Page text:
Max Verstappen not interested in where he ranks among the Formula 1 greats

Michelle Foster
Max Verstappen answers questions in Austin paddock. Texas, October 2022

Red Bull driver Max Verstappen answers questions in Austin paddock. Texas, October 2022

Following his record-breaking 2022 campaign, Max Verstappen says he doesn’t bother with statistics, he just wants to get on with the job of winning “more races and potentially championships”.

Storming to his second Drivers’ Championship title last season, Verstappen set a new record for the most wins in a single season, 15, while also writing his name in the history books for overturning the biggest deficit, 46 points, to win a World title.

And that’s just two of the records he broke last season.

His numbers had former World Champion Nico Rosberg declaring the Dutchman is “already” one of the greatest of all time, “if you look at the statistics.”

Those include 35 race wins, putting him sixth on the overall list for the most F1 victories, 77 podiums, 20 pole positions and two World titles.

This year he’s the favourite for the title, which would him bring him into line with the likes of Niki Lauda, Ayrton Senna and Jackie Stewart as a triple World Champion.

The stats, though, mean very little to the driver.

“I think I already achieved more than I could ever dream of, so for me I always just try to get the best out of myself,” he said as per Racer.

“I don’t really think about where I am between all of the all-time greats in terms of championships or wins. I just want to do my job.

“I of course know I have a contract though 2028, so I want to try and win more with this team — more races and potentially championships.

“But I’ve never really been a guy that likes statistics or whatever. recommends

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“I always want to come out of a race weekend and tell myself that I gave it all and that I really extracted everything out of myself, because then I’m happy.

“Then also once you stop racing, if I can look back at my years in Formula 1 and say, ‘Did I really get everything out of it?’ and if I did and I can say ‘Yes’ to myself, then I’m happy.”

‘You definitely lose more than you win’

Verstappen secured his first win in Formula 1 in his second season, P1 at the 2016 Spanish Grand Prix for Red Bull.

That was his debut for the Milton Keynes squad, the driver replacing Daniil Kvyat at the senior team at the fifth race of the championship.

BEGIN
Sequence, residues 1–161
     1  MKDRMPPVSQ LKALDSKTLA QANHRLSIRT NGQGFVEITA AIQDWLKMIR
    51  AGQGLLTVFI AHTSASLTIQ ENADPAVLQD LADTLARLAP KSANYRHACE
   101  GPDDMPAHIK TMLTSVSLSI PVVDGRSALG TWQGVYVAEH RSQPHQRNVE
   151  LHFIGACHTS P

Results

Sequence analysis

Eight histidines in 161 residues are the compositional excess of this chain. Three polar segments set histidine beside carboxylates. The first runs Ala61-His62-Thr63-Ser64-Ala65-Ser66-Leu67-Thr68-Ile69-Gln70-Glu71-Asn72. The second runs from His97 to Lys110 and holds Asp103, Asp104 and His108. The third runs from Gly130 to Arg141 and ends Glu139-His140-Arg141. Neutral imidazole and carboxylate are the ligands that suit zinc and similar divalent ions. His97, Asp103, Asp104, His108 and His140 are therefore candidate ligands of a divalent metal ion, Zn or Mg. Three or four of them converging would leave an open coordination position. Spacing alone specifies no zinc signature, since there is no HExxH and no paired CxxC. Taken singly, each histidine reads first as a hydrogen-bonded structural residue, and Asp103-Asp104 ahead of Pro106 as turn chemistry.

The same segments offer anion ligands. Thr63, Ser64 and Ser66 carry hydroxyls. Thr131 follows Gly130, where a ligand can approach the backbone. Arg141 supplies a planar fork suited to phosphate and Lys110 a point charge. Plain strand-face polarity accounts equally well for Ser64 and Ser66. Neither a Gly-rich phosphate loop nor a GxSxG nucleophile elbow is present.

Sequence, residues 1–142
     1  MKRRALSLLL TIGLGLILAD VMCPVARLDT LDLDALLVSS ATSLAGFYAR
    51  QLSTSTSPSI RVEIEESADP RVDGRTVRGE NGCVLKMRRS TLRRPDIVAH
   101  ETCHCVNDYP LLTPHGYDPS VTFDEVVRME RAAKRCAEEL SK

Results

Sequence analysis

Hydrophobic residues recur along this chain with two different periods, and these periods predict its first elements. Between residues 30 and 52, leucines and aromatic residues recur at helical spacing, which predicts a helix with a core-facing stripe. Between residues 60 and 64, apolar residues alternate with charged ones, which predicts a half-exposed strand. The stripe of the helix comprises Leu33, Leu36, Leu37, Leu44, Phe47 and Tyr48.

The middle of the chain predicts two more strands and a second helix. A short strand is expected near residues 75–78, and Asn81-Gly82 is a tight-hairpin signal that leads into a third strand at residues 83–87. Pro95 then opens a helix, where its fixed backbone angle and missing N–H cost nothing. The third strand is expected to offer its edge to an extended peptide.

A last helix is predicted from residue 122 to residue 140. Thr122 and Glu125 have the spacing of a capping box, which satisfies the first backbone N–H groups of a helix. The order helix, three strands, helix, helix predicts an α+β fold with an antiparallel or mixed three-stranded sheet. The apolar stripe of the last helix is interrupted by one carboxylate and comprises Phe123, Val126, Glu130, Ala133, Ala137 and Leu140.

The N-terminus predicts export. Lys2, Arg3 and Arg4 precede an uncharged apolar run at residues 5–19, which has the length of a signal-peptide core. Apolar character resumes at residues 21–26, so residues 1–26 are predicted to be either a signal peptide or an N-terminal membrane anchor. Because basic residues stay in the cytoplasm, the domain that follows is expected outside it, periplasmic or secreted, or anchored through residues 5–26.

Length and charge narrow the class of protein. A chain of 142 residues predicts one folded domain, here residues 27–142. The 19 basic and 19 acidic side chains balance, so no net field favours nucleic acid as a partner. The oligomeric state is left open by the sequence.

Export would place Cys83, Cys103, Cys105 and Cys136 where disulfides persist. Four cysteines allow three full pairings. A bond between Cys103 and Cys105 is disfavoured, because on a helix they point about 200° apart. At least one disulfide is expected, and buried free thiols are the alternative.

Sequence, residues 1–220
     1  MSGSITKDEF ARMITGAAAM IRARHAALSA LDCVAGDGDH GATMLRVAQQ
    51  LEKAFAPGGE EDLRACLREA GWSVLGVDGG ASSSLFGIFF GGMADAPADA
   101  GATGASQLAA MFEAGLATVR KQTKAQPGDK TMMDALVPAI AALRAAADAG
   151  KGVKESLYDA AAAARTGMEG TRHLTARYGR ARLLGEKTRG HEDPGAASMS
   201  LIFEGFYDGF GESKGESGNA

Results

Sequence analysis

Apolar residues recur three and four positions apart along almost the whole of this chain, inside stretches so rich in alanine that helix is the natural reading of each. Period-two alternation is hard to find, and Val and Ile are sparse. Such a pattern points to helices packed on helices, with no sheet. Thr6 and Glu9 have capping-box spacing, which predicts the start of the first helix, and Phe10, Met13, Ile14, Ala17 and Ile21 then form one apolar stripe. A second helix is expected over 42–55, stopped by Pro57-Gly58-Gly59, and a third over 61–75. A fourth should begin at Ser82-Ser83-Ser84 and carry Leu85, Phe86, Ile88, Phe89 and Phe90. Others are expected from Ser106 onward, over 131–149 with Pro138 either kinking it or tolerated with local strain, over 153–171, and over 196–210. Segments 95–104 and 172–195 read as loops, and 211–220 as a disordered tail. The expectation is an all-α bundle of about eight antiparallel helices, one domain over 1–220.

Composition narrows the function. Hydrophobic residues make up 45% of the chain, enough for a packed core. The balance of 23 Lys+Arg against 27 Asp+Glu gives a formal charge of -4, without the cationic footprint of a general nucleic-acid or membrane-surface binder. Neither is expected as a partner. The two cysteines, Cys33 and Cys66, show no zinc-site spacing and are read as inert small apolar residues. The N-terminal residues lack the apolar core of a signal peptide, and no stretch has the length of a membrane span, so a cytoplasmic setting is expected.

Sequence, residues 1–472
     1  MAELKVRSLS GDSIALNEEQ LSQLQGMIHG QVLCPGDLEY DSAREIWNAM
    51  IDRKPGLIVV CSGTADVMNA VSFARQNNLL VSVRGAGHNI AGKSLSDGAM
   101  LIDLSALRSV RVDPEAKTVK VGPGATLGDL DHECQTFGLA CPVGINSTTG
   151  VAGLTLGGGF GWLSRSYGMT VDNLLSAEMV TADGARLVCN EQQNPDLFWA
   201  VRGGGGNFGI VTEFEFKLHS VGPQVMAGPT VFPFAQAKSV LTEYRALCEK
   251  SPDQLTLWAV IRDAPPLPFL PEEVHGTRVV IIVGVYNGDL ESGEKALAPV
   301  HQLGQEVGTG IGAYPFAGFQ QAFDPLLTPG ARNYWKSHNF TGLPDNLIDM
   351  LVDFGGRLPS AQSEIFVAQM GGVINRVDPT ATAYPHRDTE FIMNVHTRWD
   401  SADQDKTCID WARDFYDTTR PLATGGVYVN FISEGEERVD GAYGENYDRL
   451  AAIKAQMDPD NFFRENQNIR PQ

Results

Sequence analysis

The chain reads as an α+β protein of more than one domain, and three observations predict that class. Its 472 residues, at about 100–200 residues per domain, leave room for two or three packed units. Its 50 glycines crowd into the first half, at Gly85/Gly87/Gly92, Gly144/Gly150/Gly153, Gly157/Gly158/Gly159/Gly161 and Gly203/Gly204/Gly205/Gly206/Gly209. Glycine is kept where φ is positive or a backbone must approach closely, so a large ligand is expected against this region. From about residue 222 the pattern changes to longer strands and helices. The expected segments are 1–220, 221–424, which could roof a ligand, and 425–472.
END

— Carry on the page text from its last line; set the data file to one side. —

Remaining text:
It took him more than a year to add a second win to his tally, Verstappen conceding “you definitely lose more than you win, you just have to accept it.

“You know that Formula 1 is like that. Normally there are only one or two teams a year that you can win races with and we know the sport has been like that. So the mentality has always been there.

“(When) I came into Formula 1, I was in the midfield and at the back of the grid; you deal with that because it’s all in your learning process for potentially moving up to a winning team, which luckily I could do.

“And then once you’re in that position you have to show that you learned in the midfield, all the experience gained and that you can put it on the table and win those races.”

In 163 starts, he has 35 wins.

Max Verstappen xpects a tougher challenge this season

Although Verstappen will line up on the Bahrain Grand Prix grid as the favourite, the Red Bull driver expects both Ferrari and Mercedes to put up a tougher fight.

Last season Ferrari dropped the ball when it came to both strategy and reliability while Mercedes’ porpoising W13 left them scrambling for podiums, never mind race wins.

Both teams believe they learned hard lessons that will stand them in good stead this season.

Verstappen says he’s “not worried because we have to focus on our own job.

“We have to try and improve our car. We know that there are always things we can do better — the same from my side — and that’s the only thing we can control, so that’s what we focus on.

“At the moment it’s difficult to tell [who the biggest threat is]. Looking at the last race it was definitely Ferrari still the closest but a lot of things can change, so we’ll see.”